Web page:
28-year-old Matthew Crippen will be on trial in late November for violating the Digital Millennium Copyright Act by allegedly running a business modding Xbox 360 consoles.
Andrew Huang, who literally wrote the book on Xbox modding, wants to testify at Crippen’s trial that mod-chipping is not a violation of the DMCA, a law which makes it illegal to circumvent technology designed to prevent copyright infringement. Huang’s strategy is to give jurors a step-by-step tutorial on console modding to show that “what [Crippen] did was insufficient on his own to violate anything.”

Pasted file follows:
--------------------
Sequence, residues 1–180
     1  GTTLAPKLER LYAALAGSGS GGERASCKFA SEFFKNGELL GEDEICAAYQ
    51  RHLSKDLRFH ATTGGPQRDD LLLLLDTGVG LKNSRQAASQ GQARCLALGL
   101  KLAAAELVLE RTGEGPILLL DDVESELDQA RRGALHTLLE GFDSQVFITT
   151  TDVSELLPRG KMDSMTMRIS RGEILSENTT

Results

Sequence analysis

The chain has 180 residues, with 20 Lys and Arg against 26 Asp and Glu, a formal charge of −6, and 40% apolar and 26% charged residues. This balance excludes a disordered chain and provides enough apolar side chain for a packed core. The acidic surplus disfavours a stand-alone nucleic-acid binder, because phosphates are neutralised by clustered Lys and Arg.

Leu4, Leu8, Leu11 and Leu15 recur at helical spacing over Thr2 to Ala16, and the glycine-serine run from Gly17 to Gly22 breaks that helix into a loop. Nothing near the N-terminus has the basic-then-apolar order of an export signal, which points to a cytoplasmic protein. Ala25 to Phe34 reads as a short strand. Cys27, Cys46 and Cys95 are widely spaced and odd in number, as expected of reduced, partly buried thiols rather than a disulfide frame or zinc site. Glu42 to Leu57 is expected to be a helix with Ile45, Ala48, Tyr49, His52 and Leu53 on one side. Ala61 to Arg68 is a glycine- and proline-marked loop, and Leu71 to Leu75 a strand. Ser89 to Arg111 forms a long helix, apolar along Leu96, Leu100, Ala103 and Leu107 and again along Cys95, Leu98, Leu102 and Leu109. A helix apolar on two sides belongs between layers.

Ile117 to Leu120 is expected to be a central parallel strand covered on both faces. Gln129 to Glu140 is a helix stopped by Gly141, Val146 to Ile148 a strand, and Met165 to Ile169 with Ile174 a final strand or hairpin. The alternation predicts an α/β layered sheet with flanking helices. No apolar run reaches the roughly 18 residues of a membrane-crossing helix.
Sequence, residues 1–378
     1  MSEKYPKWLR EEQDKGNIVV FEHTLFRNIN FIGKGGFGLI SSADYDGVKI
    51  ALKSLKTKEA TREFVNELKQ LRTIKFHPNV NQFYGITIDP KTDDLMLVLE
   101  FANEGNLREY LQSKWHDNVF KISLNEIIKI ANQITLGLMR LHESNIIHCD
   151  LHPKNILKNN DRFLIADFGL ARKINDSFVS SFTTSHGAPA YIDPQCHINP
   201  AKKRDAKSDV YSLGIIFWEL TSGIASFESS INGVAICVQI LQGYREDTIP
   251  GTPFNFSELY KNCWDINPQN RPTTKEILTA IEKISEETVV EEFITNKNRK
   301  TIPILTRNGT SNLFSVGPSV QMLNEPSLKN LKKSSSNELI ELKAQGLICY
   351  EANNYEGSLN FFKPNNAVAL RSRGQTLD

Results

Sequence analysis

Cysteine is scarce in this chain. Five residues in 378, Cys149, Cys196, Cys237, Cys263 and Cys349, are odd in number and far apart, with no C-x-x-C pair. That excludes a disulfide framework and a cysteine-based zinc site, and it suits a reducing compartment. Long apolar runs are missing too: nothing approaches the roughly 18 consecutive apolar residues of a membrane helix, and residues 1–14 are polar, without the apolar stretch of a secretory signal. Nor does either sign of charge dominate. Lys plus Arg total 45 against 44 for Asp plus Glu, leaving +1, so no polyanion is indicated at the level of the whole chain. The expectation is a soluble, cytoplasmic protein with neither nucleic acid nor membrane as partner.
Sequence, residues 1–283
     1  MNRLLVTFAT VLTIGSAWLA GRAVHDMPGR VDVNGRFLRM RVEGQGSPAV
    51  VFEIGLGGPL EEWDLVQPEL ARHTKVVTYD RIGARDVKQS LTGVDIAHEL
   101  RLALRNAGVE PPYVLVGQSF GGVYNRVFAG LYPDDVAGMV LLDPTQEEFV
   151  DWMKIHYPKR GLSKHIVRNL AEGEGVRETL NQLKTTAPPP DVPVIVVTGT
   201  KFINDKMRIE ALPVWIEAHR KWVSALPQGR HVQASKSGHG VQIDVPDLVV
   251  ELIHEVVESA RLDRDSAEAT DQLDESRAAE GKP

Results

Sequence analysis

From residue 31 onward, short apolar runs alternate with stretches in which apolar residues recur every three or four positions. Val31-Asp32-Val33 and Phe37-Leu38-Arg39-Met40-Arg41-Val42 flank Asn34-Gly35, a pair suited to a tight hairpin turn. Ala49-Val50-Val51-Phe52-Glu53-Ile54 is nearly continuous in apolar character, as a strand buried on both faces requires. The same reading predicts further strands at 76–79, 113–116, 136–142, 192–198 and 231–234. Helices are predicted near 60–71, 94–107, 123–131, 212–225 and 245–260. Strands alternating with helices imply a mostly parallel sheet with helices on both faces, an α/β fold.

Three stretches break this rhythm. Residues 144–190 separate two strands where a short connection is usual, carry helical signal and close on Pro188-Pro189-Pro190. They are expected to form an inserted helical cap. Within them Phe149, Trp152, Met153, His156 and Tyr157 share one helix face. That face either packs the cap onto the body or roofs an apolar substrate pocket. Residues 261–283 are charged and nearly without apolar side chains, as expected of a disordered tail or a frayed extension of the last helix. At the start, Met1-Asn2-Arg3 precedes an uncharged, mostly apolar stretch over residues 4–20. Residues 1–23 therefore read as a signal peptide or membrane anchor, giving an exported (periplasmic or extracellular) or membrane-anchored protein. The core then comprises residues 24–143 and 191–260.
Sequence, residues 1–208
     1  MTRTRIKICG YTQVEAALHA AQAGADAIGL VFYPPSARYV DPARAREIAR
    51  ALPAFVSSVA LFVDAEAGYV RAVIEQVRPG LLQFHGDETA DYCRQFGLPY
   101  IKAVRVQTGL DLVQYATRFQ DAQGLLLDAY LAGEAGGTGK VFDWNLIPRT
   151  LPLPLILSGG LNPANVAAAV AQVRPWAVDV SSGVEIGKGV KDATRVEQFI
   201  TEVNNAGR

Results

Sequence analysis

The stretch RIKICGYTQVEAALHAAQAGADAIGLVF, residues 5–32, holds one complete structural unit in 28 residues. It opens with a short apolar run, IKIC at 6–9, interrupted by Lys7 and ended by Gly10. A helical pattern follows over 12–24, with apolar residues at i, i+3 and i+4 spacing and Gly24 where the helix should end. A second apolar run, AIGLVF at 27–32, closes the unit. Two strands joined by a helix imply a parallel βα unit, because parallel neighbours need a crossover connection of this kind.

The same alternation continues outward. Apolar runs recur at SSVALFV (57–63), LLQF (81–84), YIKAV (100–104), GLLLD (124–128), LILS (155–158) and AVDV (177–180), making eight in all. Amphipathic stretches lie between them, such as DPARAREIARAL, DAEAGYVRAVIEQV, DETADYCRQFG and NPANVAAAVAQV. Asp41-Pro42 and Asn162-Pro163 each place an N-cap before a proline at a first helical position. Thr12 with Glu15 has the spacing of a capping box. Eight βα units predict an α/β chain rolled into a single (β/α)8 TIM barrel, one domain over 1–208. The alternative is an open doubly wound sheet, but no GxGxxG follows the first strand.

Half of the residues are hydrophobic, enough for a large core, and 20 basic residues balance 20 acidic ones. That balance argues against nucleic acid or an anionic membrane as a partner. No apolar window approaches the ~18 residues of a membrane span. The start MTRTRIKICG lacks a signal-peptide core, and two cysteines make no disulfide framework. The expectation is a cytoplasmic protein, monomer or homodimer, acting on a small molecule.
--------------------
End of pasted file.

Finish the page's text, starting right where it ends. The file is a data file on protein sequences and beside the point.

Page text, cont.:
Unsurprisingly, federal prosecutors have asked the judge presiding over the case to deny Huang’s testimony on the grounds that it would be “legally irrelevant.” A ruling is still pending.
As we all know, mod-chipping consoles has legitimate uses and Huang says he wants the DMCA to allow for fair use exemptions.
“The U.S. Copyright Office just granted an exception to the DMCA to allow the jailbreaking of cellphones, and the iPhone in particular, allowing the iPhone to run third-party apps not approved by Apple. Modding a game console should be treated the same way.
The bottom line, I would like to see the scope of the DMCA limited to an appropriate statute that respects fair use, one that respects traditional rights.”
Crippen’s trial begins Nov. 30 in Los Angeles.
-Reporting from San Diego, GamePolitics Correspondent Andrew Eisen